Today there are better methods,that don’t take up space, look nicer, and perform well.

Power filters are used by many. You’ll find many styles of power filters. The most common hangs on the back of the tank. A siphon tube pulls water from the tank into the filter box and passes the water though a mechanical filter. An internal pump returns the filtered water into the aquarium. Power filters come in many sizes suited for small to large aquariums

Under-gravel filters work by slowly passing water through the gravel on the bottom, which sits on top of a perforated plate. The water pumped with an airlift, with bubbles air lifting the water in a vertical tube attached to the filter plate. One problem is that the gravel clogs up with waste creating a health risk for your fish.

Sponge filters are an efficient,cheap form of biological filtration. Water is forced through porous foam by air bubbling through an airlift tube. Water flowing though the sponge allows the growth of a colony of beneficial bacteria that neutralizes toxic ammonia.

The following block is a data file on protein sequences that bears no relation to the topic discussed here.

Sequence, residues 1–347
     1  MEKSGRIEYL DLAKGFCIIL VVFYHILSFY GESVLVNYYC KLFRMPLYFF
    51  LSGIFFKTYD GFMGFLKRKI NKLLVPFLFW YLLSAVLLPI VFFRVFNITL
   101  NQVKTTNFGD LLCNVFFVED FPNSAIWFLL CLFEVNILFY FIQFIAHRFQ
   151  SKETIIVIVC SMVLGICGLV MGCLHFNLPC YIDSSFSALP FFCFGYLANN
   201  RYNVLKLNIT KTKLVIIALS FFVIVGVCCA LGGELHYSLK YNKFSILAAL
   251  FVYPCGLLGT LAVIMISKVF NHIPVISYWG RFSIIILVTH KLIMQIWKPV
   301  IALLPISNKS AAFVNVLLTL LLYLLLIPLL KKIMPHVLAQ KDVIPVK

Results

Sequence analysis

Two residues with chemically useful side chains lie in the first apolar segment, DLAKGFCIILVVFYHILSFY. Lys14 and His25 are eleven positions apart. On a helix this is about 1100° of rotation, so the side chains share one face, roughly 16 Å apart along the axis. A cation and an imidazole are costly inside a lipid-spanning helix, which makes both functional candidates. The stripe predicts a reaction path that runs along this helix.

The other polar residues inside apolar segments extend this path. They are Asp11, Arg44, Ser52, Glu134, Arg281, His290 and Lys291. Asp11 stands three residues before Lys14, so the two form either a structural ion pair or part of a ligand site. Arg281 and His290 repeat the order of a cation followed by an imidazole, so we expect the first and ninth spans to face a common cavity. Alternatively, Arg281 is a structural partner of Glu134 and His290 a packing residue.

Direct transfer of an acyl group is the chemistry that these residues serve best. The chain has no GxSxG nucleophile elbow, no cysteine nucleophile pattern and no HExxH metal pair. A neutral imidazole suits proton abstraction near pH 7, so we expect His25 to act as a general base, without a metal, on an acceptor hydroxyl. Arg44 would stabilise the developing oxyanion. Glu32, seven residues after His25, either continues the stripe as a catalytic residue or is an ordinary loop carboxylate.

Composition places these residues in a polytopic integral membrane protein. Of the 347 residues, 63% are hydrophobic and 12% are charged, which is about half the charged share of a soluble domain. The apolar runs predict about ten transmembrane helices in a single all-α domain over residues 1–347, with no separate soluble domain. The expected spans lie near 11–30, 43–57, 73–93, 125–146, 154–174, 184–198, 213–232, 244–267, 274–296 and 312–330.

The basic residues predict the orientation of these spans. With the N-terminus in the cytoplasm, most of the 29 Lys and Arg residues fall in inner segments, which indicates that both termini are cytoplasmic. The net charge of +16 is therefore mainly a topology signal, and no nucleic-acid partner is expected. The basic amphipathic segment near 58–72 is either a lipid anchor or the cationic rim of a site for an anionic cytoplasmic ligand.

Chemical Filtration

Chemical filtration removes dissolved wastes from aquarium water. The most popular chemical filtration is the carbon filter method. Your water is filtered through gas activated carbon. The best GAC for filtering water is made from coal and is macro-porous (larger pores).

Cris Stanford is the publisher of where you’ll find money saving advice and expert tips on how to set up the perfect salt water fish tank filter systems.